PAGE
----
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Estrogen Dysregulation

Summary: In healthy women, estrogen and progesterone concentrations vary depending on the stage of each person’s ovarian cycle. These important hormone concentrations are regulated minute-to-minute to maintain specific healthy ratios. When estrogen or progesterone are consistently too high or too low, abnormal imbalances result. These are collectively referred to as “Estrogen Dysregulation” conditions.


Estrogen Dysregulation


What promotes excess amounts of circulating estrogen?

Perhaps the biggest offenders are the many man-made substances in our environment that are known to interfere with human hormone concentrations. Known as “endocrine disruptors”, people exposed to such chemicals are predisposed to having abnormal sex hormone concentrations due to alterations in the synthesis and/or metabolism of estrogen. Researchers are continuing to identify more and more xenoestrogens (endocrine disruptors) in our environment.

  • Personal care products that include parabens, phthalates, and benzophenones.

  • Chemicals commonly found in plastics (BPA/BPS)

  • Herbicides and pesticides. Glyphosate exposure is a known risk factor for developing breast cancer and has been directly linked to the production of human breast cancer cells in vitro.

  • Conventionally raised meat. Animals are given hormones to promote rapid growth and development to maximize weight and profit. The hormones given to animals are the same as those produced in healthy people, but when consumed, they confuse normal control mechanisms and lead to abnormal blood levels.

  • Slow digestion and constipation. Healthy bowel movements are one of the most important methods for eliminating unneeded estrogens.

  • Zearalenone is a potent estrogenic mycotoxin produced by some Fusarium and Gibberella species of mold. These mycotoxins are found worldwide in crops such as maize, barley, oats, wheat, rice, and sorghum.

  • Birth control pills containing artificial estrogen/progesterone can lead to estrogen dysregulation.

  • Certain genetic SNPs can predispose people to estrogen dysregulation.


Symptoms of Estrogen Dysregulation

  • Heavy periods

  • Breast tenderness

  • Difficult perimenopause/menopause (hot flashes, irritability, bloating, anxiety, hair

  • loss and night sweats)

  • Weight gain

  • Infertility

  • PMS

  • Uterine fibroids

  • Insomnia

  • Low energy

  • Low libido


How does the body normally detoxify estrogen and inactive substances?

Estrogen is metabolized through chemical pathways called hydroxylation and methylation. These normal processes are enhanced in people consuming a balanced, nutrient dense diet. Routine exercise, managing stress, and reducing exposure to potential toxins can also have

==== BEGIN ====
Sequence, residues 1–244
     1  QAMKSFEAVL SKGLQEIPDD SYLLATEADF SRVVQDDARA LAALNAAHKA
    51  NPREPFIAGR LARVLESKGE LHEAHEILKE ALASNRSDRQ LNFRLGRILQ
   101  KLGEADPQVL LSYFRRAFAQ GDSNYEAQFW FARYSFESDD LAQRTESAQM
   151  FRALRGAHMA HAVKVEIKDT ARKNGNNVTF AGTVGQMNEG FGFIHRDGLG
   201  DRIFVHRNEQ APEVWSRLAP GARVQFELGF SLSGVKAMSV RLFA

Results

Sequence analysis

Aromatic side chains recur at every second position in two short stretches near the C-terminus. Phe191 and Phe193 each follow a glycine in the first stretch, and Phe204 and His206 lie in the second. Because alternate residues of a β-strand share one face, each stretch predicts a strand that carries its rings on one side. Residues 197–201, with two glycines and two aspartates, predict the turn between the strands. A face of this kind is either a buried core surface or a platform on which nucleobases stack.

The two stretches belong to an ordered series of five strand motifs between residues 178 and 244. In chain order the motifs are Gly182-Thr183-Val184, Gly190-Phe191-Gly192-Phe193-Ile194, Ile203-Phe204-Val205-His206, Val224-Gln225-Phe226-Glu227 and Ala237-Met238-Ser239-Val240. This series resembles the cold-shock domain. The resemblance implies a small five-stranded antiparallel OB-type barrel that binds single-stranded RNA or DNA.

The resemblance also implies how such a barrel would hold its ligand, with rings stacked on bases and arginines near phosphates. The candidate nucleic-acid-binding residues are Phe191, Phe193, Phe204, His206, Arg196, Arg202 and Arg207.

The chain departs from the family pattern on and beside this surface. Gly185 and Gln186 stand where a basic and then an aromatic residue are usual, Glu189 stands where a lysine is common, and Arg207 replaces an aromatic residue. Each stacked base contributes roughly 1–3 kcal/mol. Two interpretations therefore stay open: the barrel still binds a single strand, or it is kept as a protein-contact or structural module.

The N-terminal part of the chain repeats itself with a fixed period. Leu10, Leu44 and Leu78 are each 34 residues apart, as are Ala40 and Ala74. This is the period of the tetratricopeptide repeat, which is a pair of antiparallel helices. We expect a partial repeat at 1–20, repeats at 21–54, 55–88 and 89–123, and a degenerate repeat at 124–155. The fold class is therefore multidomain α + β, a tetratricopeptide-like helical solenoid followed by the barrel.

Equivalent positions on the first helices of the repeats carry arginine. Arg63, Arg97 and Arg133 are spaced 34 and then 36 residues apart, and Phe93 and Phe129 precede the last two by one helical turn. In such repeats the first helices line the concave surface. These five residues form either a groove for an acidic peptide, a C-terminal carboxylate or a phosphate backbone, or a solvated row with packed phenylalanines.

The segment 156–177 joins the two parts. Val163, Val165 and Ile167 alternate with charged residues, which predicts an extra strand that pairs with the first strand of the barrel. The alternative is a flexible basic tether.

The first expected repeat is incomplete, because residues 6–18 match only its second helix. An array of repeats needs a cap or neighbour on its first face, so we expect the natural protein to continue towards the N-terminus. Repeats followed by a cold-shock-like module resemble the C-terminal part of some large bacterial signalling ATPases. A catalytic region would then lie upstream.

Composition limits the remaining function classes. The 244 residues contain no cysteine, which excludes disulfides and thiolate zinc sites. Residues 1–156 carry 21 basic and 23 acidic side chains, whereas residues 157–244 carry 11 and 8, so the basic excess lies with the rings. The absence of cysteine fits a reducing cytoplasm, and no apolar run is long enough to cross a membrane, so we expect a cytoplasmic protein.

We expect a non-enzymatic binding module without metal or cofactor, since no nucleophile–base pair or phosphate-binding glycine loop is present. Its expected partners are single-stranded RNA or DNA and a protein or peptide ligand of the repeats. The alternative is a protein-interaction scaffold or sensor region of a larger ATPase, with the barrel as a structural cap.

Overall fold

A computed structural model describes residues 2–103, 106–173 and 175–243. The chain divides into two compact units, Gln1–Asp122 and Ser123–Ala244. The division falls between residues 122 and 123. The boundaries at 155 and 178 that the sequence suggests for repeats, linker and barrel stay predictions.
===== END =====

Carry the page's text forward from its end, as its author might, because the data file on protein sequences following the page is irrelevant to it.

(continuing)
a powerful effect on the way your body manages estrogen.

The DUTCH test, performed by a functional practitioner, can help determine if Estrogen Dysregulation is at play. The DUTCH test measures concentrations of:

  • Estrogen and the by-products (metabolites) of its breakdown

  • Overall estrogen

  • Testosterone

  • Melatonin

  • Cortisol and Adrenaline

  • B vitamin status

  • Detox ability


Lifestyle changes recommended for individuals likely to have estrogen dysregulation:

  • Replace all plastic food containers with glass or stainless steel.

  • Review your makeup, hair, perfume, and skin care products to ensure they do not contain

  • parabens, phthalates, and benzophenones.

  • Avoid drinking from plastic bottles. Soft plastics contain BPA and phthalates, known

  • endocrine disruptors that can leach into the water and after being consumed, leach into

  • body tissues.

  • Balance your blood sugar. Too much sugar, simple carbohydrates, alcohol consumption

  • and weight can bring on estrogen dominance. A common source of excess sugar are

  • processed foods (sodas, snack food, and many others). Adipose tissue (belly fat) is an

  • estrogen-making factory.

  • Limit alcohol consumption since it can block estrogen clearance.

  • Buy organic and GMO-free foods.

  • Limit inflammatory grains that may contain Zearalenone.

  • Avoid meats that contain antibiotics and/or hormones.

  • Never let a day go by without pooping at least once.

  • Eat a diet rich in colorful, organic, local vegetables and fruits.

  • Eat grass-finished meats, pasture raised eggs and wild-caught fish.

  • Eat fermented foods, properly prepared legumes, nuts and seeds.

  • Eat healing fats such as olive, coconut and avocado oils, grass-fed butter and tallow.

  • Consume a few drops of bitters at every meal to assist with bile flow.

  • Eat cruciferous vegetables such as broccoli, Brussel sprouts and cauliflower. The compound Diindolylmethane DIM) in these veggies helps resolve estrogen dominance by increasing beneficial 2-hydroxy estrogens and reducing the unwanted 16-hydroxy variety.

  • Get plenty of sunshine but never burn.

  • Exercise, even mild exercise, helps support the lymphatic system which is critical in allowing the body to eliminate toxins.

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